Results 1 to 14 of 14

Thread: Buddha-Basics (Part XIII) — No Self, No Problem!

  1. #1

    Buddha-Basics (Part XIII) — No Self, No Problem!

    Here’s some news for you that you may find startling, so you’d best brace yourself:

    You see, your sense of your “you” is just your illusion. There is no “you” there, never was or will be.

    Or, at least, there is no “you” that’s the separate, ongoing “you” you think you are… a “you” that you constantly contrast to the rest of this life and world you think of as “not you.” In fact, your “you” is just your mind’s cutting up and dividing the world into “you” and “you not … a “you” and a “not you” that you can stop dividing in two.

    And, in Buddhism, the fact that there is no “you” — and no “not you” separate from “you” for that matter – is a very nice thing. That’s because your “you” is always causing you a lot of dissatisfaction and trouble. This “you” is always bumping and crashing into, running toward or running away from, judging and feeling separate from, all the rest of the world that your “you” thinks is a separate “not you.”

    In Zazen, you can just stop that dividing and cutting up, running toward and running away from, judging and feeling separate that you feel.

    Thus, drop all that division of “you” and “not you.” Drop the judgments, attachments, aversions and friction, and your “you” can’t mess you up!. NO SELF, NO PROBLEM! (‘Cause you need a “self” bumping into a “not-self” in order to have a problem.)

    However, before you quit paying your taxes or quit your job because there’s no “you” and never was, remember: that is only one way for you to look at “you.” That’s because, of course, there most certainly — IS — a “you.” And that “you” is perfectly you. So, just because there is no “you”… don’t think that there is no “you”. You can bet your bottom dollar that there is a “you” too … even though there isn’t!

    Are “you” confused now?

    As you will soon hear, there’s no need for you to be!

    Other earlier “Buddha-Basics” sit-a-longs looked at Dukkha (suffering, dissatisfaction) and Anicca (impermanence). Today, the topic is the third of the so-called Buddhist “Three Marks of Existence” – Anatta, or “no self.”

    CLICK HERE for today’s Sit-A-Long video.

    Remember: recording ends soon after the beginning bells; a sitting time of 15 to 35 minutes is recommended.

    If you would like to here a pretty good interview with a neuropsychologist who explains a bit of the mechanism by which the human brain creates a sensation of "self" ... this is a pretty good one ...

    Self is a Network Phenomenon

    We’re joined again by Neuropsychologist and Theravada teacher, Rick Hanson. This time we explore the Buddhist proposition of anatta, or selflessness, from the point of view of neuroscience and the brain. Rick explores whether a self actually exists using the following 4 core attributes of how a self is often defined:

    It is unified & coherent
    It is stable & enduring
    It is independent
    It is the whole of experience
    Looking at current research on how the self manifests in the brain, as what Hanson calls a “network phenomenon”, he deconstructs each of these four attributes, arguing that “self is not special inside the brain.”
    Last edited by Jundo; 05-14-2019 at 03:29 AM.

  2. #2
    Great lesson !
    Thank you dear teacher Jundo .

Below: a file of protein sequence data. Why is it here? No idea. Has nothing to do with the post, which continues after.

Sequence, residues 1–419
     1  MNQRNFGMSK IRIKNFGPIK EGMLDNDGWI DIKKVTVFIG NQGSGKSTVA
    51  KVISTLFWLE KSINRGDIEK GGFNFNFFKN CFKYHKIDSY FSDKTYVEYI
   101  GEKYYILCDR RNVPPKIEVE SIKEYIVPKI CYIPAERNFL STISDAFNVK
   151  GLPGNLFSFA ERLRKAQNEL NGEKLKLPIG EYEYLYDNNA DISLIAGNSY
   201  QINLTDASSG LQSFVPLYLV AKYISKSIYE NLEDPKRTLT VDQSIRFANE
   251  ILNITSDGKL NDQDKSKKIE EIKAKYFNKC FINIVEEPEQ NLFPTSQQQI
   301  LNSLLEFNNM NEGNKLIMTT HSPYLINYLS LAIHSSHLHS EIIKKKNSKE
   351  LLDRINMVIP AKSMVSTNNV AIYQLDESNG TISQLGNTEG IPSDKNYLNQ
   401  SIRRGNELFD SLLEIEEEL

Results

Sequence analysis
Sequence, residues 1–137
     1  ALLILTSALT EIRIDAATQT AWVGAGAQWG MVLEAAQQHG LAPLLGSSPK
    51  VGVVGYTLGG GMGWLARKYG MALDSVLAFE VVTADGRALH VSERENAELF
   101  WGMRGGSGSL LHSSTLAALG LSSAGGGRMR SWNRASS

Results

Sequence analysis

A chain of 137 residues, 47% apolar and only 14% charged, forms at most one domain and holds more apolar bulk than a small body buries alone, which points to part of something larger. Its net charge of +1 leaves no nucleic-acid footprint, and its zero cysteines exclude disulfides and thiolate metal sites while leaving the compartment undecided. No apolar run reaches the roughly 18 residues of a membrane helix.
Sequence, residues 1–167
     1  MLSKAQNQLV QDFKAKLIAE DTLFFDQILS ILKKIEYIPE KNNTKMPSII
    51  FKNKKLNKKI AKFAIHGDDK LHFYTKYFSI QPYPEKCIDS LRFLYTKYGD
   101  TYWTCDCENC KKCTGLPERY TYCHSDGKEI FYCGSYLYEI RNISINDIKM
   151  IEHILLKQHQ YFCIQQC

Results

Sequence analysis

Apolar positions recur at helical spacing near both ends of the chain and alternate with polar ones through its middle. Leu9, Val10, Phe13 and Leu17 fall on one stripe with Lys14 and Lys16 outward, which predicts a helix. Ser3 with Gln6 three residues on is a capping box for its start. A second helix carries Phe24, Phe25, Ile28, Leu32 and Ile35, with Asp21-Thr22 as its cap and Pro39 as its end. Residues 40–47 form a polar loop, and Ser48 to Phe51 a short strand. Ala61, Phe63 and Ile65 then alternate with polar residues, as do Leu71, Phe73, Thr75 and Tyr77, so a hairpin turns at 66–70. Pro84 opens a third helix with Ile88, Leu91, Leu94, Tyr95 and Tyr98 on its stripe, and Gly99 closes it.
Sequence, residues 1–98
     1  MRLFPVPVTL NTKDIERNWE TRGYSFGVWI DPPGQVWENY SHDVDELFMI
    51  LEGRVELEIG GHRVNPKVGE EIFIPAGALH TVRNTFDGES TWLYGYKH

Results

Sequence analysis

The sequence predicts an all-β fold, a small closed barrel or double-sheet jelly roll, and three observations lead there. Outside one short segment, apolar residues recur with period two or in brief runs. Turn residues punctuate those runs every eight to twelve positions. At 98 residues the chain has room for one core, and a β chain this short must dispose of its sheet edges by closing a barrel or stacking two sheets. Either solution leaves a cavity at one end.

3. #3

  4. #4
    This is a concept I struggle with every day. A good book that also addresses this from a neuroscience perspective is 'The Self Illusion' by Bruce Hood.

  5. #5

    sat today

  6. #6
    grazie mile


  7. #7

  8. #8
    Gassho, Kyotai

  9. #9

  10. #10
    A truth that flies against our common sense and our normal day-to-day experience, because we are so entrenched in our dualistic thinking. But there is really no "I" and "you," no "loss" and "gain," no "subject" and "object." Nothing in the universe exists independently and separately. I am nothing, yet I am also everything! Because the universe is contained within me!

    "When you pick up the whole great earth, it is as small as a grain of rice." --The Blue Cliff Record, Case 5

    Once realized, this truth brings to our lives a certain freedom and spaciousness that is "as vast and boundless as the great empty firmament," to borrow an expression of one of the koans of the The Gateless Gate.

    Thank you, Jundo, for reminding me of this basic but profound truth of our existence.



  11. #11
    Thank you.

    And Matt, be sure to go through our "We're All Always Beginners" Series, even for folks like you who have been sitting forever, but may be new to the place.

    Gassho, Jundo


  12. #12
    Thank you Jundo.

    John Miller

  13. #13
    Than you Jundo!

  14. #14
    Thank you for the teaching, Jundo!



Similar Threads

  1. Buddha-Basics (Part X) — Mindfully Right
    By Jundo in forum Buddha-Basics
    Replies: 23
    Last Post: 05-18-2023, 06:01 PM
  2. Buddha-Basics (Part XI) — Zazen-ing Right
    By Jundo in forum Buddha-Basics
    Replies: 15
    Last Post: 05-18-2023, 05:50 PM
  3. Buddha-Basics (Part VII) — Acting Right
    By Jundo in forum Buddha-Basics
    Replies: 17
    Last Post: 05-12-2023, 06:20 PM
  4. Buddha-Basics (Part VI) — Speaking Right
    By Jundo in forum Buddha-Basics
    Replies: 23
    Last Post: 05-11-2023, 05:48 PM
  5. Buddha-Basics (Part V) — Aspiring Right
    By Jundo in forum Buddha-Basics
    Replies: 17
    Last Post: 05-11-2023, 05:16 PM

Posting Permissions

  • You may not post new threads
  • You may not post replies
  • You may not post attachments
  • You may not edit your posts